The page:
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Journaling for Non-journalers

Journaling for Non-journalers

Medical school and practice are times of tremendous rewards and stresses which often can lead to burnout and even depression. Resilience is the ability to remain positive despite adversity and it can be both learned and nurtured. Social support and reflection are important in resilience and we try to foster these in the reflective writing sessions. Other specific factors that promote resilience include finding meaning in your work, engaging in recreation, and maintaining a positive outlook.

Many third year students struggle to find their role. Furthermore, faced with a very sick internal medicine patient population staying positive can be a challenge. The following are a few quick suggestions that may help remind you how blessed you are, that you do make a difference, and perhaps remind you to take care of yourself. *

1. Gratitude journal

Try to write down one thing you are grateful for every day. (If you are more visual, you could create a pictorial journal, sort of like pinterest.)

Submission criteria

You can submit the journal or a brief reflection on whether you think this changed your outlook.

Evaluation criteria

Written feedback is at the discretion of the portfolio advisor. The journal itself is not graded.

2. Making a difference journal

Try to write down one thing you did each day that made a difference to someone.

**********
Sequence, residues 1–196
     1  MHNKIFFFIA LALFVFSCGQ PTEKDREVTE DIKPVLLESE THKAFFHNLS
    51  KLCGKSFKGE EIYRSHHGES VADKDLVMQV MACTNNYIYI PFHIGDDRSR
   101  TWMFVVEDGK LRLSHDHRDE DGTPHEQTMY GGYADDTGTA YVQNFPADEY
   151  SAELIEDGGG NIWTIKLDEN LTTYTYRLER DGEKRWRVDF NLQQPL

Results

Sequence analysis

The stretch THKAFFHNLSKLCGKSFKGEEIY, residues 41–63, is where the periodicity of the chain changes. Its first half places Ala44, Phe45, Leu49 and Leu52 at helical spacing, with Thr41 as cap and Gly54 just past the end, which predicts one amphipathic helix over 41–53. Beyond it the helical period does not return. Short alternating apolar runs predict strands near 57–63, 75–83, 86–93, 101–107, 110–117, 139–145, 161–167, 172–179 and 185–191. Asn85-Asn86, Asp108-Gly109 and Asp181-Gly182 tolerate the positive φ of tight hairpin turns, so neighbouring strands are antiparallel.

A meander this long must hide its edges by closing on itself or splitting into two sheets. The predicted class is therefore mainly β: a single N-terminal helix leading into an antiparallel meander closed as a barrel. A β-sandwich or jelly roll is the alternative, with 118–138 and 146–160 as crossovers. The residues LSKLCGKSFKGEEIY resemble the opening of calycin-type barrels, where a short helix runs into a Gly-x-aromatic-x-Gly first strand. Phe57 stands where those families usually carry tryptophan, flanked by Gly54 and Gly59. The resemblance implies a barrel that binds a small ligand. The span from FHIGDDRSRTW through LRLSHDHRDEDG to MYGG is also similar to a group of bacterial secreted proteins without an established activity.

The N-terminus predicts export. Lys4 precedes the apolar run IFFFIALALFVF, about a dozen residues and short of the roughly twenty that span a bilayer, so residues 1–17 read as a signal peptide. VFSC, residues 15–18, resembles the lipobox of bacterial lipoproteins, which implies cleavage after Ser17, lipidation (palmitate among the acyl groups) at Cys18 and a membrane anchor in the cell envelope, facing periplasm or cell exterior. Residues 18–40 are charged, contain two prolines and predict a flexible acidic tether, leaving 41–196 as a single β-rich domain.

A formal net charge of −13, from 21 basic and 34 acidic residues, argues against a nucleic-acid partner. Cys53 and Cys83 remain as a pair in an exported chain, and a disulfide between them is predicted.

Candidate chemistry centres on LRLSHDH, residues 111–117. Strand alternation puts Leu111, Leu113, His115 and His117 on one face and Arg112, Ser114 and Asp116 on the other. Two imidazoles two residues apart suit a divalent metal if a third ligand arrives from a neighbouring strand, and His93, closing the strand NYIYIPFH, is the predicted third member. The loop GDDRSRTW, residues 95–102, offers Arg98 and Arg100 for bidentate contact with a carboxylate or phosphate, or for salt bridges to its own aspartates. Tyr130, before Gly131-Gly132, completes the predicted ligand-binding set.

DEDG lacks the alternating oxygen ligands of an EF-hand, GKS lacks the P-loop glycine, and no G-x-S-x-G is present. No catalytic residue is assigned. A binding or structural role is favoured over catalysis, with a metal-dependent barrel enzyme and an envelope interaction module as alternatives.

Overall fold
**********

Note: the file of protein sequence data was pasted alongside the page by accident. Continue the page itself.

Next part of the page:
Submission criteria

You can submit the journal or a brief reflection on whether you think this changed your outlook.

Evaluation criteria

Written feedback is at the discretion of the portfolio advisor. The journal itself is not graded.

3. Wellness journal

Pick one area of personal wellness you want to focus on this clerkship (physical, emotional, spiritual), devise a plan, and track your progress. If this goes well, there won’t be much to write but on days you have trouble, take a moment to jot down what you thought got in the way, you may find a pattern that will help you with work-life balance in the future.

Submission criteria

Frequency of entries is at your discretion. Submit a brief (few sentences is fine) reflection on whether you did or did not succeed and why.

Evaluation criteria

Written feedback is at the discretion of the portfolio advisor. The journal itself is not graded.

 *These suggestions were informed by medical education literature that is nicely summarized in a commentary by Dyrbye and Shanafelt in Medical Education 2012; 46:343-348.